Attendance would then be lifted to two days, possibly in mid-June. If all goes well, students would return full-time when term three begins in July, albeit with restrictions, such as a ban on excursions and inter-school sports.
Public schools must follow the government’s model, but can make their own decisions on how to roster their students. They have been asked to keep sibling groups together. Some principals may choose alphabetical order, or sporting houses, or stage groups.
All education sectors gave in-principle backing to students’ gradual returns, although their strategies will differ. Independent schools waited for the government’s move to finalise their plans, and will begin informing parents later this week.
Catholic Schools NSW said principals would decide the best approach.
“Some year groups and school localities will be candidates for an earlier return to the classroom than others, for example year 11 and 12. It is also important for early age groups to stay attached to their learning,” chief executive Dallas McInerney said.
The Teachers Federation has been lobbying for kindergarten and year 12 to return first. The union’s president Angelo Gavrielatos said the government’s approach “fails to comprehend the massive organisational and timetabling demands it places on schools”.
The NSW P&C Federation also preferred the union’s model. “It needs to be done in consultation with the school community and those who most need it – and that would be year 12 as a starting point and then working through,” said president Tim Spencer.
However, Mr Spencer expected many parents would welcome certainty. “Parents are well and truly over the distance learning process and are really looking forward to having kids go back to school,” he said.
The government chose to involve all year groups in a staged return because every child deserved the chance to go to school and have face-to-face contact with teachers. It also wanted to reduce the risk of vulnerable students across all grades being further disconnected from school, sources said.
A department spokesman said “it is important that we provide equity of access for all age groups, so that all students and their families can benefit.”
Countries across the world are grappling with when and how to return students to school. “There’s no perfect solution,” said one education executive.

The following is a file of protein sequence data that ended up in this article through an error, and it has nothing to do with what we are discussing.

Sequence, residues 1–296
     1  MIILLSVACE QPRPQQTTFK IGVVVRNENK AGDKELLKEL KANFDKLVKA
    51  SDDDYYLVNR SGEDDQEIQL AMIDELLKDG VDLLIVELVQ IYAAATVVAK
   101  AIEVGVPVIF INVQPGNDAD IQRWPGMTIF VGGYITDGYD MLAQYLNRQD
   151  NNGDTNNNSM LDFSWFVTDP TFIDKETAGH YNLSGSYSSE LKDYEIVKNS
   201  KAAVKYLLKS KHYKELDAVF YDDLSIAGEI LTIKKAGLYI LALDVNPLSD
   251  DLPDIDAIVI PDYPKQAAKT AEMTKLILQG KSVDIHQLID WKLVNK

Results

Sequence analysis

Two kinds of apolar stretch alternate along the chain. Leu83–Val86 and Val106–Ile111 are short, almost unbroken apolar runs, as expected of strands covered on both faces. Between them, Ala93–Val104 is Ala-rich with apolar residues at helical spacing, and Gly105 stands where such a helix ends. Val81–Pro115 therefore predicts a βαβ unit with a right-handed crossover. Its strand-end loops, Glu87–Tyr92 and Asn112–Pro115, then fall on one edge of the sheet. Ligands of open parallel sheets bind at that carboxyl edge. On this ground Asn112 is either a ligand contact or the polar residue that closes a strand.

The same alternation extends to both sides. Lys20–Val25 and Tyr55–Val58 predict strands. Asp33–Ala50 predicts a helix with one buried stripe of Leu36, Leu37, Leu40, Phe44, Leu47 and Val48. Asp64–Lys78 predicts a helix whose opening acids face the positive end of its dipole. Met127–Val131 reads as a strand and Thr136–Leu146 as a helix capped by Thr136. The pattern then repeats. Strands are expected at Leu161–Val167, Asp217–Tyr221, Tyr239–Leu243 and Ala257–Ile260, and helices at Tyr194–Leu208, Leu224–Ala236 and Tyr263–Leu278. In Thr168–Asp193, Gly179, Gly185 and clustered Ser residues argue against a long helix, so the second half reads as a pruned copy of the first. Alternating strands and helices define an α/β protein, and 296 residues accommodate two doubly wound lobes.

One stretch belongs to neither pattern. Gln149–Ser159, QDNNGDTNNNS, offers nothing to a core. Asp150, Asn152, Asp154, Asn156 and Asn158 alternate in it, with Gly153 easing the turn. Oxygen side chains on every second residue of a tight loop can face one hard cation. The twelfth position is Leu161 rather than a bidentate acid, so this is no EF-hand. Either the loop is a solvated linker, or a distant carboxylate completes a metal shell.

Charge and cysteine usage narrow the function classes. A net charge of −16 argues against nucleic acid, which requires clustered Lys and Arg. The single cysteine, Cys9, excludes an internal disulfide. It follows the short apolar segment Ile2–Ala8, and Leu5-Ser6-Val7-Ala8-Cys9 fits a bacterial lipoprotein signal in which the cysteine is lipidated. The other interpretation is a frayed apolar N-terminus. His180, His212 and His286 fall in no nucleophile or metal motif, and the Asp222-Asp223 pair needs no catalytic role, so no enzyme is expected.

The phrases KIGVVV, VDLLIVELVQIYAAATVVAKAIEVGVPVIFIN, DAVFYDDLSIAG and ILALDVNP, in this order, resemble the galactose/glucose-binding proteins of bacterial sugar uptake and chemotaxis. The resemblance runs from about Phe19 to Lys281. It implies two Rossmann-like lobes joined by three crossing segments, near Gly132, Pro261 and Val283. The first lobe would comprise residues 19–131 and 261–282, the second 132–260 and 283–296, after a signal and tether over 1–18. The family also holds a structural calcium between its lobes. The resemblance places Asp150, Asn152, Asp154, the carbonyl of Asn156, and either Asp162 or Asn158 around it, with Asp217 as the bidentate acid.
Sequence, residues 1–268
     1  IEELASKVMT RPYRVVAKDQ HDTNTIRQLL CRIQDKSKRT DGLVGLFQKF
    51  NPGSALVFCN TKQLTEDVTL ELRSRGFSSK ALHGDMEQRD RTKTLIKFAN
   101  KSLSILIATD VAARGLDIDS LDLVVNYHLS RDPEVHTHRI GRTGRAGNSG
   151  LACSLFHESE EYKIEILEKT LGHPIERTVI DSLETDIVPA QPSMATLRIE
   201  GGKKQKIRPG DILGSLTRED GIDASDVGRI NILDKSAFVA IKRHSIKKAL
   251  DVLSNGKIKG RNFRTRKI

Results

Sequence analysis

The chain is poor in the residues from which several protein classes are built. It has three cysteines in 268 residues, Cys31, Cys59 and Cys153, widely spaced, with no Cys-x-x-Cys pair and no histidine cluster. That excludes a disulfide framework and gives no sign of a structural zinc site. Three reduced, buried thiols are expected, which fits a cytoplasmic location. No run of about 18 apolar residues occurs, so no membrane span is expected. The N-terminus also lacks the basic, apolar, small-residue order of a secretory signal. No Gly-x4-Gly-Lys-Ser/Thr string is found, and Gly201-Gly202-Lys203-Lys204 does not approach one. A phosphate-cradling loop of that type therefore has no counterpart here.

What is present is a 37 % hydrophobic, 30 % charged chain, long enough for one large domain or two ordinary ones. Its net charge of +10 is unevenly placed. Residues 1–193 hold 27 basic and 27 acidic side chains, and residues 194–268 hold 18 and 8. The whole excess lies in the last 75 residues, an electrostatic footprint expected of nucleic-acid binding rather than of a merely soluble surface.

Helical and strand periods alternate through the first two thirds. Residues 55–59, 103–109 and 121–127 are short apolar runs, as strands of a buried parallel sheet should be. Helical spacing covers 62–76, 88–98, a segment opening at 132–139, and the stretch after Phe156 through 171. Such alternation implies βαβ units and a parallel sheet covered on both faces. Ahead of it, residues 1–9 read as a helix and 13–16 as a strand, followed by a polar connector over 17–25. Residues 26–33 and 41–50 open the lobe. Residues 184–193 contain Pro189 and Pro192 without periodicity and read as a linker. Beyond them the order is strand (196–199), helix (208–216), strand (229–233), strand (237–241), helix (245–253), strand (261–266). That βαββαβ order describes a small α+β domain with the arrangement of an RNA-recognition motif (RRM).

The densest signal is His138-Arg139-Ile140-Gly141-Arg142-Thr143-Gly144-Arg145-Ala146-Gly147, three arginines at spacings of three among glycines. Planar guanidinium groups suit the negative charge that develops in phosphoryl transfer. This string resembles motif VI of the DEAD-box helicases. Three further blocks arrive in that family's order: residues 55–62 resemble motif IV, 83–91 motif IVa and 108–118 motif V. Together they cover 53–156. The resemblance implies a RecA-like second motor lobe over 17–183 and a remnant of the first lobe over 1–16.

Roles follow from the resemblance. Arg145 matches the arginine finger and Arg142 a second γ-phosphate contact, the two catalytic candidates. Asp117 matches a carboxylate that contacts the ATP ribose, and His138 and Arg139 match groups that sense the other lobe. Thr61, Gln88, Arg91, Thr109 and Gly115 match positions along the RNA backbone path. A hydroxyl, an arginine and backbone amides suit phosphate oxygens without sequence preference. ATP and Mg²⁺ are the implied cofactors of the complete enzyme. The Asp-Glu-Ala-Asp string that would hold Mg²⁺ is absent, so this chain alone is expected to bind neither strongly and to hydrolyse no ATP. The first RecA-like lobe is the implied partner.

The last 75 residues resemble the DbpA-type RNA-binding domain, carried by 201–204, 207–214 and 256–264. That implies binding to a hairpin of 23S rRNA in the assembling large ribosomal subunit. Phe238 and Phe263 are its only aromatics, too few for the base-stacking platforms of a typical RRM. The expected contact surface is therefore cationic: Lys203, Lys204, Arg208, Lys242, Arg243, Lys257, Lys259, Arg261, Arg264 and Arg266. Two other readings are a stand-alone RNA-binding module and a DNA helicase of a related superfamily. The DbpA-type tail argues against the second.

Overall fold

Parents had conflicting views. Lane Cove West mother of three, Letitia Zwart, said while her children miss school and their friends, she does not think one day a week at school will help. “I think it will be very confusing to them,” she said. “Unless it’s more than one day a week, I feel it could be more disruptive.”
But Sofia Houllis, mother to sets of twins in year 8 and year 12 in Sydney’s south-west, said the gradual return would be positive, as long as it was guided by health advice. “It gets them out of the house and they see their teachers and their friends. So I do believe the children will benefit,” she said.
Staff will be able to check temperatures, there will be hand sanitiser in every classroom, and break times will be staggered, while teachers will be given priority for COVID-19 testing.
Class sizes will be smaller, allowing for social distancing – principals have been told to plan for classes of about 10 students, with no more than 25 per cent of the population on site at any time. A fifth day could be used to plan remote learning.
Remote learning will continue for the first two weeks of term two, which begins next Wednesday. Schools will continue to be open for children of essential workers or vulnerable families. Students will do the same unit of work regardless of whether they are at school or at home throughout term two.
Parents are encouraged to send their children on the allotted days but if they don’t want to, they should contact the principal.
Jordan Baker is Education Editor of The Sydney Morning Herald
Natassia is the education reporter for The Sydney Morning Herald.